The pilgrimage route, twinned with the Jacobean route, takes us to a version of millennial rural Japan, far from the accelerated life of the big cities
Today we begin a new series of contents in which we want to look up the Camino de Santiago and take a look at other pilgrimage routes scattered around the world, many of them related to other religions. Our first visit takes us to Asia, specifically to the rugged southern peninsula of Kii, in Wakayama prefecture, which in turn is located on Honshu, the largest island in Japan. Since 2004 the peninsula has the privilege of being considered a World Heritage Site by Unesco, calling it sacred sites and pilgrimage routes of the Kii Mountains.
Kumano Kodo is the name given to a series of pilgrimage routes that the Japanese have been traveling for centuries and that cross their paths through the mountainous Japanese peninsula of Kii to the revered temple complex Kumano Sanzan, the birthplace of the Kumano cult. Kumano Kodo and the Camino de Santiago have many things in common, starting with being the only two pilgrimage routes declared World Heritage, in addition to being twinned since 1998 and having their origin in the same historical period, the Middle Ages.
Kumano Kodo is recognized something like the root of Shinto, the Japanese faith in the deities of narutaleza; the impressive route runs both through mountain escapes inhabited by forests full of cedars, rivers and beautiful waterfalls, as well as by small traditional wooden villages that line the road. He began pilgrimage to Kumano Kodo in the Heian period (794-1192).
The routes of Kumano Kodo lead to the great Shinto temples known as the Three Kumano Shrines (Kumano Hongu Taisha, in Tanabe, Kumano Hayatama Taisha, in Shingu, and Kumano Nachi Taisha, in Nachisan) and are revered by Japanese pilgrims for centuries, being the temple of Kumano Hatayama Taisha the largest, most important and from where it is said that the gods inhabit.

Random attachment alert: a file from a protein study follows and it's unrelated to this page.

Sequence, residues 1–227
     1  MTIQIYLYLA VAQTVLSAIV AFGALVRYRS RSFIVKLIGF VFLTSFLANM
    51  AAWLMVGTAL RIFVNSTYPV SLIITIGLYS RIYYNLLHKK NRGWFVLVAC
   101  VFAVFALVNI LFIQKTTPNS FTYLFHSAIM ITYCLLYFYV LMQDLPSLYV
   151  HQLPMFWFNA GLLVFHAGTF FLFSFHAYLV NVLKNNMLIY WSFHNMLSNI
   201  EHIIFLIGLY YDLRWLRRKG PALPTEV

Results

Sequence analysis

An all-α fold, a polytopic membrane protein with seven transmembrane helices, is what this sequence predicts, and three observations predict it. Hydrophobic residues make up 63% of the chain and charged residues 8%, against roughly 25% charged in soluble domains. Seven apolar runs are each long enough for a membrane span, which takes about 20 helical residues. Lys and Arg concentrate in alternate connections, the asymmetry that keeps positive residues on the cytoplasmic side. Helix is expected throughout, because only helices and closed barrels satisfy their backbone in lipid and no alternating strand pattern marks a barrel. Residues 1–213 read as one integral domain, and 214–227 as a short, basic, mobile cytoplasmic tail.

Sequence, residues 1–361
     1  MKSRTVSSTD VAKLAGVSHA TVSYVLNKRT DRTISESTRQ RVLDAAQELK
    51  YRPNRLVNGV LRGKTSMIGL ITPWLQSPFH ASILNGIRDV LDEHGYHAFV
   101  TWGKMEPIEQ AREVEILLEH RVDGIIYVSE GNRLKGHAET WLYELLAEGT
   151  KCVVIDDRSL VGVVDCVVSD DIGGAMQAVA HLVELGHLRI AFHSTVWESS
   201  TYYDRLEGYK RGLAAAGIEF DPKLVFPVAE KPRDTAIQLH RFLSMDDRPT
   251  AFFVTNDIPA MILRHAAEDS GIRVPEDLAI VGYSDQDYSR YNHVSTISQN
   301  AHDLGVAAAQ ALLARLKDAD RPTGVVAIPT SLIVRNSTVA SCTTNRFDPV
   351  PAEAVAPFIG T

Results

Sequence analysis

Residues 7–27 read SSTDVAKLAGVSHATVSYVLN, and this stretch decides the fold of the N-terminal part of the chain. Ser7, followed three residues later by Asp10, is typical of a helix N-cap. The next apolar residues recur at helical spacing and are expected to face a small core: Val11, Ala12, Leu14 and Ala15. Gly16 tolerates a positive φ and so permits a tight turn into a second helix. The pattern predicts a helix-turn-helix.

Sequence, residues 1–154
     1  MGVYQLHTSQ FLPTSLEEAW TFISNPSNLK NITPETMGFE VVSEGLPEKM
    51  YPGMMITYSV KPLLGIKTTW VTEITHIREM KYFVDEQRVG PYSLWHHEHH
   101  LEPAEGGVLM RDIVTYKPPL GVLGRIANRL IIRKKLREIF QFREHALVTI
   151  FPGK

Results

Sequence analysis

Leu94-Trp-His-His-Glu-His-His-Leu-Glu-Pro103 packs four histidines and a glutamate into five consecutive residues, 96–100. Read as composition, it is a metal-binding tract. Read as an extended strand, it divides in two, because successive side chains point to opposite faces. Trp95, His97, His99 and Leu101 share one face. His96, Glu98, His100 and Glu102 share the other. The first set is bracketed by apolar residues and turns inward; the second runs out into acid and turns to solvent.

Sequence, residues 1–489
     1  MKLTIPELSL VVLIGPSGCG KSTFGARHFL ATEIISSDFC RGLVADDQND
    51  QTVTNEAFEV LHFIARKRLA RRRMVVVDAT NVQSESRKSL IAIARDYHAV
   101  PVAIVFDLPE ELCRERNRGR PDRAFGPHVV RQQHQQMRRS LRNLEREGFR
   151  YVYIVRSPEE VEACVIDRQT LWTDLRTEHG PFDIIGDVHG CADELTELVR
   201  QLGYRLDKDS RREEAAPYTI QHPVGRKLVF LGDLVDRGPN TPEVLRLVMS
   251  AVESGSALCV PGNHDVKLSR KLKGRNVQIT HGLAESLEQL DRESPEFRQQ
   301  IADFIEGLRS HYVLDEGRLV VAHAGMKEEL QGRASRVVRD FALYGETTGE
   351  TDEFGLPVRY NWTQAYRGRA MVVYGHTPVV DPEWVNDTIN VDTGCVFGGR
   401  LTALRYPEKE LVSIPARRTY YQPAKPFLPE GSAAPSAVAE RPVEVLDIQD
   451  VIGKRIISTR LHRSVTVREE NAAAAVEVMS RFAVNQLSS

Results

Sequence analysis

The most popular of the pilgrimage routes is Tajijiri-Oji, the gateway to the sacred Kumano area, which leaves the pilgrim the option to spend the night in a traditional minshuku, something like a more affordable version of a ryokan ( Japanese traditional spa) in the small village of Chikatsuyu-Oji. After completing the long journey to the sacred place, travelers can relax at the unique world heritage natural spring open to the public in Yunomine.
The spiritual pilgrimage to Kumano Kodo is related to the faith tuner, but also Buddhist, the two most practiced religions. On the pilgrimage route are both Shinto temples and Buddhist shrines, an example of the harmony in which both faiths coexist in the Asian country since the sixth century, with millions of Japanese professing traits of both beliefs.
© Copyright LA VOZ DE GALICIA S.A. Polígono de Sabón, Arteixo, A CORUÑA (ESPAÑA) Inscrita en el Registro Mercantil de A Coruña en el Tomo 2438 del Archivo, Sección General, a los folios 91 y siguientes, hoja C-2141. CIF: A-15000649